I am the one who reviews!
High school chemistry teacher with cancer + his former student who calls everyone “bitch” = show that most critics would agree is the best television show of the twenty first century thus far.
BQB here with a review of Breaking Bad.
When this show came out in 2008, someone close to me had just died from cancer, so I wasn’t interested at all. I saw the previews for it and was like, “eh” then I saw the previews for Showtime’s The Big C, a show that came out around the same time about a woman trying to keep her life together while fighting cancer and I was just like, “Look Hollywood, cancer is not funny or glamorous and it is the last thing I want to see on TV when I’m looking for an escape, thank you very much.”
So the years passed and then somewhere in the early 2010s I heard people talking about this show so I gave it a chance on Netflix and was immediately hooked. And from what I’ve heard, the invention of streaming media breathed life into this and a lot of other shows.
Because when you think about it, a show about a high school chemistry teacher dying from cancer doesn’t exactly sound like good time appointment viewing, but once it was available in a format for people to check out when they had a free moment, boy howdy did they get hooked.
And truth be told, the show isn’t so much about cancer as it is a study of a) the sadness people feel when they reach the end of their lives feeling like they never reached their full potential and b) how much the legal system keeps us all behaving like good doobies without us ever realizing it.
Remove a) the fear of dying because you are already dying and b) the fear/humiliation of ending up in prison (because you’re dying) and the nicest person you know might end up walking down an evil path.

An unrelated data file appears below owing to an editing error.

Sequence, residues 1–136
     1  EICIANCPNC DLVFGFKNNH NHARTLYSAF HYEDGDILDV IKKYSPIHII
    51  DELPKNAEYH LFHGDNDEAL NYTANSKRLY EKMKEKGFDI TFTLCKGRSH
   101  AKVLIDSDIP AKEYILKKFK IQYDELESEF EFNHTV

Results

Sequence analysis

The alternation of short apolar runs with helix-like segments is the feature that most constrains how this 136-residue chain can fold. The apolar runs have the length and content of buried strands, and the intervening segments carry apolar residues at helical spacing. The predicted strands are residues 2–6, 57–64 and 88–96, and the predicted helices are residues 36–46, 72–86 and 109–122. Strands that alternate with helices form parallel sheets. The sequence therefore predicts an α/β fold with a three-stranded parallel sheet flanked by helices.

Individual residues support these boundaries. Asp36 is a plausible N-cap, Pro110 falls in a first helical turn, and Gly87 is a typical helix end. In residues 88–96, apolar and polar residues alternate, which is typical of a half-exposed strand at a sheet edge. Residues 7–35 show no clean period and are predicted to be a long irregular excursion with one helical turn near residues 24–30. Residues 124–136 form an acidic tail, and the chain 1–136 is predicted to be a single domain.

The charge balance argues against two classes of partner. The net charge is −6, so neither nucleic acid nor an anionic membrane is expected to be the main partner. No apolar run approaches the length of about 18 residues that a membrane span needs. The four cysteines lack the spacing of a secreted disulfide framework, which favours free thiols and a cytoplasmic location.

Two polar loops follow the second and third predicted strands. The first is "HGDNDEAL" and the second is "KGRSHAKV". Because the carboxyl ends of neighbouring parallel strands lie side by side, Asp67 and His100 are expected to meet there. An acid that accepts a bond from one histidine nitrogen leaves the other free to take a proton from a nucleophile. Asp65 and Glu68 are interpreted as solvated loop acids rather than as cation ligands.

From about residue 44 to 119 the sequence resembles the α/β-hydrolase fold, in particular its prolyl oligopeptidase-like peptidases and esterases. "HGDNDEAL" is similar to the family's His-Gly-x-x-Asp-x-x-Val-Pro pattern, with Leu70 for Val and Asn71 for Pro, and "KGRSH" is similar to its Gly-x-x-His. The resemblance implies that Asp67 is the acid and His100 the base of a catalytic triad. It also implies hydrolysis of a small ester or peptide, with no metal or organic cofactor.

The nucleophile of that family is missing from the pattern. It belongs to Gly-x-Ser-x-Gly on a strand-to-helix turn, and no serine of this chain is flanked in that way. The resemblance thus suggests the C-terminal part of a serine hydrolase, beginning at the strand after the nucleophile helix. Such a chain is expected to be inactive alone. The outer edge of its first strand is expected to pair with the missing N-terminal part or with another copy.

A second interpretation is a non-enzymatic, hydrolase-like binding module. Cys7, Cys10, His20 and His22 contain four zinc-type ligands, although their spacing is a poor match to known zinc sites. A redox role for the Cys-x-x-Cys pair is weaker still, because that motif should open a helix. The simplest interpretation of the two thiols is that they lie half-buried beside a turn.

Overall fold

The set-up – Walter White (Bryan Cranston) was, in his youth, a promising chemistry scholar who starts a business with friends Elliot (Adam Godley) and Gretchen (Jessica Hecht).
Walter sells his share of the company early, the company becomes huge, like Facebook huge. Meanwhile, Walter grows old and bitter, having spent his life in mediocrity as a high school teacher with a part time job at a car wash just to make ends meet.
Somehow he manages to snag a hot wife, Sklyer (Anna Gunn) while his son, Walt Jr. (RJ Mitte) oozes happiness and gets along as a typical teenager despite a handicap.
When Walt is diagnosed with terminal cancer, his despair over his untapped potential haunts him. He’ll die without using his genius brain to make it big.
Alas, his brother-in-law Hank (Dean Norris), a DEA agent, takes Walt on a ride along. Walt catches a glimpse of just how much cash a good drug dealer rakes in and the little hamster starts rolling around the wheel in his brain.
What begins as an idea to use his chemistry know how to cook crystal meth in order to leave some extra cash behind for his family turns into a long journey into the proverbial heart of darkness, as Walt uses his smarts and fearlessness (because, hey, he’s dying anyway) to rise to the highest ranks of the criminal underworld.